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on 16 August 2012
I think this book is great, it clearly shows how to knit 2 socks at a time on one long circular needle - which is exactly what I wanted to know, as a sufferer of 'second sock syndrome'.

I bashed out the sample socks in no time, and quickly moved onto a couple of others, also lovely and simple.

The only reason I have not given 5 stars is that I am not overly keen on all the patterns included. However, saying that, it is the technique that makes this book valuable, and you can import that onto any sock pattern you like!

The wire bound nature of the book is also great, easy to flip from page to page, and it doesn't shut itself every time you fidget.

Recommended!
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on 15 January 2011
I'm on my third pair of toe-up socks. Love the fact you can try them on as you go. Also, you don't run out of wool midway through sock 2, as you knit them both together. Liked the sample socks, delighted with ballet socks. Less fiddly than using double pointed needles. Thank you to the author!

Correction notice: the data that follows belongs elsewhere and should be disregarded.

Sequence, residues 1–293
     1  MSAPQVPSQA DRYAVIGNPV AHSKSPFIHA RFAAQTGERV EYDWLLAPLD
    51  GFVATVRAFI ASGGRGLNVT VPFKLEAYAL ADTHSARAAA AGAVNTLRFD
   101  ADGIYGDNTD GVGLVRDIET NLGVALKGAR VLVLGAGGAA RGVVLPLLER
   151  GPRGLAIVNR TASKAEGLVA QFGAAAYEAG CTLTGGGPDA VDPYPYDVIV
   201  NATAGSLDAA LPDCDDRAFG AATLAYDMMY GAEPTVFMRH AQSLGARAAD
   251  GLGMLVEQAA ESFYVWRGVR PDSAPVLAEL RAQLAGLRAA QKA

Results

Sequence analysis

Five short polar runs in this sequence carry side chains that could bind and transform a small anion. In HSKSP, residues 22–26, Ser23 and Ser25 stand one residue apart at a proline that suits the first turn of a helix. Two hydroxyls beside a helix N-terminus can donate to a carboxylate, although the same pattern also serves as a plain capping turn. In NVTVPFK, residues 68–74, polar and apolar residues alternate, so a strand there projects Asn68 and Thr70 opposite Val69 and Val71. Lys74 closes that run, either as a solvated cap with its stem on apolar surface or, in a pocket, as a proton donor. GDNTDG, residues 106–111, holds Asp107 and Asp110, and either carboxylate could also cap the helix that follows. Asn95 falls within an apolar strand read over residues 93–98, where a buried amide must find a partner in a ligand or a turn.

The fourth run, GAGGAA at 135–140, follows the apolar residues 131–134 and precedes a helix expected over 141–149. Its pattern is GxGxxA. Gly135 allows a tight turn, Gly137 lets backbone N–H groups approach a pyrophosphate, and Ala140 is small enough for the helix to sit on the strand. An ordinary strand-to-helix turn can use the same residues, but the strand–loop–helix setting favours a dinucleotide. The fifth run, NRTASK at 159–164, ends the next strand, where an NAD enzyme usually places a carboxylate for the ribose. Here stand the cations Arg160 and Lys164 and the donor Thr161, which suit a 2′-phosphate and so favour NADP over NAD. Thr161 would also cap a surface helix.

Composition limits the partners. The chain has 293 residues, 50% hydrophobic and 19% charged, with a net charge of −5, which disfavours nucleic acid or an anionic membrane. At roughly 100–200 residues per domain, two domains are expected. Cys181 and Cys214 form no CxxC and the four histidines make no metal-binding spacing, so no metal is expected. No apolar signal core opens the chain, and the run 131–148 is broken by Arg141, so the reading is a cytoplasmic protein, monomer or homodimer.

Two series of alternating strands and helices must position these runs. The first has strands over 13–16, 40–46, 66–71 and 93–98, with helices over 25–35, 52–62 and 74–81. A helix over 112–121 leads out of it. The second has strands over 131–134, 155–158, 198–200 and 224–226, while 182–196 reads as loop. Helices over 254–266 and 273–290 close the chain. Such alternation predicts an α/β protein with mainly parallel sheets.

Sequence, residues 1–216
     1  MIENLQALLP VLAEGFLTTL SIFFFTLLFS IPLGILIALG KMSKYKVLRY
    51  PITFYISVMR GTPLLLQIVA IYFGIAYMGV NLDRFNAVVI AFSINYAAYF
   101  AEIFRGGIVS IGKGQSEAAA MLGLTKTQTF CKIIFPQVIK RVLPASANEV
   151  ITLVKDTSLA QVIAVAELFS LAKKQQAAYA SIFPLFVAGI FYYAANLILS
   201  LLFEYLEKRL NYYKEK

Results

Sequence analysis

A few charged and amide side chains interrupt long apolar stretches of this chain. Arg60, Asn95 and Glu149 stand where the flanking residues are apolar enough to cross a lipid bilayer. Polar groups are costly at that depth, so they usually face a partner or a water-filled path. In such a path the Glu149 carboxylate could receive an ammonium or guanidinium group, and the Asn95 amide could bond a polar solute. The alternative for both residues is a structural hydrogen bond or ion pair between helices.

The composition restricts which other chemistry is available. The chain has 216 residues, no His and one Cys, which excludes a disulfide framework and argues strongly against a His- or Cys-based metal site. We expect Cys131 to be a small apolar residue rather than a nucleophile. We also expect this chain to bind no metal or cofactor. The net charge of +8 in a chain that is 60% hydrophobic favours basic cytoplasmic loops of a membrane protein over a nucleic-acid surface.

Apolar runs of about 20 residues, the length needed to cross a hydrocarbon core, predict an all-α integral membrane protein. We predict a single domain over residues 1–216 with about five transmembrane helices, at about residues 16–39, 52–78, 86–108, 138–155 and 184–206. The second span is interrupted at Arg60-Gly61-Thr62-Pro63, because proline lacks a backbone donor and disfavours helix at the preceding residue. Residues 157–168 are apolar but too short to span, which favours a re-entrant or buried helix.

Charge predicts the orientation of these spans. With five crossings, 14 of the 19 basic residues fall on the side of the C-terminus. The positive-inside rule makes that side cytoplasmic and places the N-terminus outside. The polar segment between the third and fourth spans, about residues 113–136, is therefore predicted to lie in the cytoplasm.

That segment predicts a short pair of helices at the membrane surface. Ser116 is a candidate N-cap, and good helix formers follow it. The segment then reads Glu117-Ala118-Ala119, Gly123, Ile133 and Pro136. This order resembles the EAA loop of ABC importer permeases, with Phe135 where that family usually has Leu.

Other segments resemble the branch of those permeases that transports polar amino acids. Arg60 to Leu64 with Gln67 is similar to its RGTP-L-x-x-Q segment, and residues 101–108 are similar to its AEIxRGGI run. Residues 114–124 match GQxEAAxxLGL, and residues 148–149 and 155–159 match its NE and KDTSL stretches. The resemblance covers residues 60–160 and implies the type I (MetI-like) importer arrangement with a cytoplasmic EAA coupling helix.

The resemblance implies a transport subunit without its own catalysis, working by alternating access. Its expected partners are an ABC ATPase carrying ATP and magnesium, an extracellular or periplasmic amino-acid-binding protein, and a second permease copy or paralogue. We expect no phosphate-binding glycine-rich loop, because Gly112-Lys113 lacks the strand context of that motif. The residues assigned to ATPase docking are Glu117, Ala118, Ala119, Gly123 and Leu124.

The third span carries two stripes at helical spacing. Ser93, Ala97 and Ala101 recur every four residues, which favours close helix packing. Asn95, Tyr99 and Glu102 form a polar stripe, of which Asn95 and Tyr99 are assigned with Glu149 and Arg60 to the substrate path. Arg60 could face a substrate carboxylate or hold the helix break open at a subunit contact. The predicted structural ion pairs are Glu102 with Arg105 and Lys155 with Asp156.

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on 27 December 2011
This is an excellent book, extremely well thought out and very well illustrated. Takes a lot of "mystery" out of knitting socks by explaining proportions and applying a simple formula. There is a good range of sock patterns and also guidance on how to apply this technique to any sock pattern.

For someone new to sock knitting this is a brilliant book. For experienced sock knitters there are useful tips, and knitting 2 socks at a time not only means not losing "momentum" after sock 1, but also means that both socks will be exactly the same size and shape!